The Hard Line at Castle Ward

castle wardThe phrase ‘a fine prospect’ springs to mind when I think of the drive down to Castle Ward from Strangford Road. When my brother Jack and I decided to visit over the weekend I didn’t fully appreciate how extraordinary this place would be. I had heard about it’s schizophrenic architecture, but nothing could prepare me for how unsettling it was to see the strong classical lines on one side only to be met with the ‘cow’s udders’ on the other.

They say builder, Bernard Ward, 1st Viscount Bangor, didn’t get along with his wife, Lady Ann Magill. With taste demonstrated by the gothic side of Castle Ward, I can see why. I’m not ashamed to say I really, really do not like 50% of this property (haha!)! I’m truly amazed that they managed to spend enough time together to A. build the house and B. have eight children before finally calling time on their relationship. But enough of my opinion on that: in the 1760s Bernard and Ann constructed the greatest architectural compromise in Ireland. The front of the house is in the classical style, square frames and recessed columns, making for a magnificent drive down from the main gate. The lough side is in Ann’s favoured gothic style. This resulted in pointed arches, buttresses and ceilings so high that the rooms above require two steps up to enter (since the first floor is high on the gothic side than the classical).

Lady Ann’s boudoir is quite the sight to behold. Described as looking like cow’s udders and having been restored to the original busy pink wallpaper, it quite literally screams of milk and swollen flesh.

Castle Ward has seen a lot of luxury and extravagance in some rather controversial times. As such, it has some extraordinary tales to go with it. Take Lady Harriet, third Lady Bangor, as an example, according to our tour guide and local lore, she and her husband displaced the entire village of Audley’s Town to improve her own view. A ship full of local Irish was sent to America in 1852 and never made it. I seems that many of the Ladies Bangor were very hard women.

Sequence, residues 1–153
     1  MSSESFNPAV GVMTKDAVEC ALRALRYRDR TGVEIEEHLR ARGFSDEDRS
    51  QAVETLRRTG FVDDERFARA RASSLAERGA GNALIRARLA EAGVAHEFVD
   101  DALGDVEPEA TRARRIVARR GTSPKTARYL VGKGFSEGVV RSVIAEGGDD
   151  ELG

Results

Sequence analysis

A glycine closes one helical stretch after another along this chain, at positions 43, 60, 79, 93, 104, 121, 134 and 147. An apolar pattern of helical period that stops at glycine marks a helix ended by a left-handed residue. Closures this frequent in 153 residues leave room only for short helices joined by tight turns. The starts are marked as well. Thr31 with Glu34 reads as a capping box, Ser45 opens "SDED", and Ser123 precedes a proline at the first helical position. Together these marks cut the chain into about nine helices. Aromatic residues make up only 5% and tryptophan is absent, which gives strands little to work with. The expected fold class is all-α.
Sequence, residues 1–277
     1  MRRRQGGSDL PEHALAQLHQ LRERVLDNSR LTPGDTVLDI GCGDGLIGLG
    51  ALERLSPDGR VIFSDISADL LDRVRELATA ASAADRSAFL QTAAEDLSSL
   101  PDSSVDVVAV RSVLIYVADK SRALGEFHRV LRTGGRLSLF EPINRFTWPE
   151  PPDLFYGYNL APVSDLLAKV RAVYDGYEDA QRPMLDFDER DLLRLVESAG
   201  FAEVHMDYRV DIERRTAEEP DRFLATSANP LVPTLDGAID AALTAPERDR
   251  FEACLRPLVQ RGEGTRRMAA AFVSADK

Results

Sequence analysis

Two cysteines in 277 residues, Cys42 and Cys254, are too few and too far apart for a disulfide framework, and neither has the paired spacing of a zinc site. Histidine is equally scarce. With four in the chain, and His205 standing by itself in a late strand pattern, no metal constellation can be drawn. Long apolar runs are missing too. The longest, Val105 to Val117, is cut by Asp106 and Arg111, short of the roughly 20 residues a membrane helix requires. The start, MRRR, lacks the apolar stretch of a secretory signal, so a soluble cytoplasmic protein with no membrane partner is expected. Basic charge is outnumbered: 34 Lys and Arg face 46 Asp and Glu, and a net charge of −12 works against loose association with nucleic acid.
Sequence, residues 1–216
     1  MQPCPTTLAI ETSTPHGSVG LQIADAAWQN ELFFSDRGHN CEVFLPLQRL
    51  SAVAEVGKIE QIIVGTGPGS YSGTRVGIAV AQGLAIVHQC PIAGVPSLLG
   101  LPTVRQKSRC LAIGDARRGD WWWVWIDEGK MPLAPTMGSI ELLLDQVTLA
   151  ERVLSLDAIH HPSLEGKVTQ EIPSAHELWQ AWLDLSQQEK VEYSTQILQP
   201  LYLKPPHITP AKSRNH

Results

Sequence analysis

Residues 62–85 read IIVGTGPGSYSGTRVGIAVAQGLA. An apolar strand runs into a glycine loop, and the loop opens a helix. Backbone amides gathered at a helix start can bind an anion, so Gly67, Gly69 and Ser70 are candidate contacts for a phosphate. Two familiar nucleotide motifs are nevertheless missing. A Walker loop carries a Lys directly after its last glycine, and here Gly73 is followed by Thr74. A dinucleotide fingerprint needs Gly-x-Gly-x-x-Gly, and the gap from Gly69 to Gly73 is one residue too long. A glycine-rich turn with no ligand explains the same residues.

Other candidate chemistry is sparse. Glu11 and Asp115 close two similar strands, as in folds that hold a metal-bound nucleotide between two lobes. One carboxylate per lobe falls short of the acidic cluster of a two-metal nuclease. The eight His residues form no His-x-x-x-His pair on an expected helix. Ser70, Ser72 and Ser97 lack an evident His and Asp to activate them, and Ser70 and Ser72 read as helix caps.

The design of the house is as much about avoiding each other as it is providing exemplary Georgian and Victorian hospitality. The library is situated at the front of the house and has three secret doors in addition to the entrance off the grand hall. If one saw an unwelcome visitor making their way up the drive, the Lord could simply slip out through a secret exit and disappear. Our guide said that it is rumoured their was once a secret staircase leading to the basement for ultimate secrecy.

High drama.

After completing the tour, we decided to leave the ladies behind and visit another type of cow. Castle Ward has some of cutest little calves this Spring! They really seemed to be enjoying the good turn in the weather. Tiernan always says that a cow lying down is a happy cow. Cows walking around the fields aren’t happy cows. They can’t be, they’re hungry and looking for more grass to chew. Castle Ward has happy cows.
There are over 800 acres to be explored at Castle Ward while Mount Stewart has over 1000; but the grounds are a lot more accessible at the former. The guide you’re handed at the gate outlines the many walking, cycling and riding tracks you can take. Jack and I went on the farm trail which led us around a small man-made lake, past the Temple Water and around to the Farmyard which has featured in Game of Thones as the Stark seatΒ Winterfell. Clearsky Adventure Centre operates out of here, allowing patrons to try their hand at GOT-equse past-times such as archery.
After several hours and a couple of chocolate brownies, Jack and I drove down to Strangford to catch the car ferry to Portaferry (β‚€6.80 for a car and two passengers).

We think we’ve got a great recipe for a day out here. Starting with Castle Ward and the southern tip of Strangford Lough in the morning. Followed up by a ferry crossing and a visit to Mount Stewart on the northern banks in the afternoon. The sun was now in full force as we drove along the rolling hills that stretch from Portaferry to Mount Stewart. Jack said how much it reminded him of our drive around Dingle. For me, it reminded me what I like about Ireland. I felt at home enjoying this little bit of the South in the North. And, perhaps most importantly, I finally felt the rush of visiting somewhere new again. It’s a feeling of joy and excitement that those suffering from wanderlust chase their whole lives. Fortunately the world is a big place. There will be plenty more first times to come!


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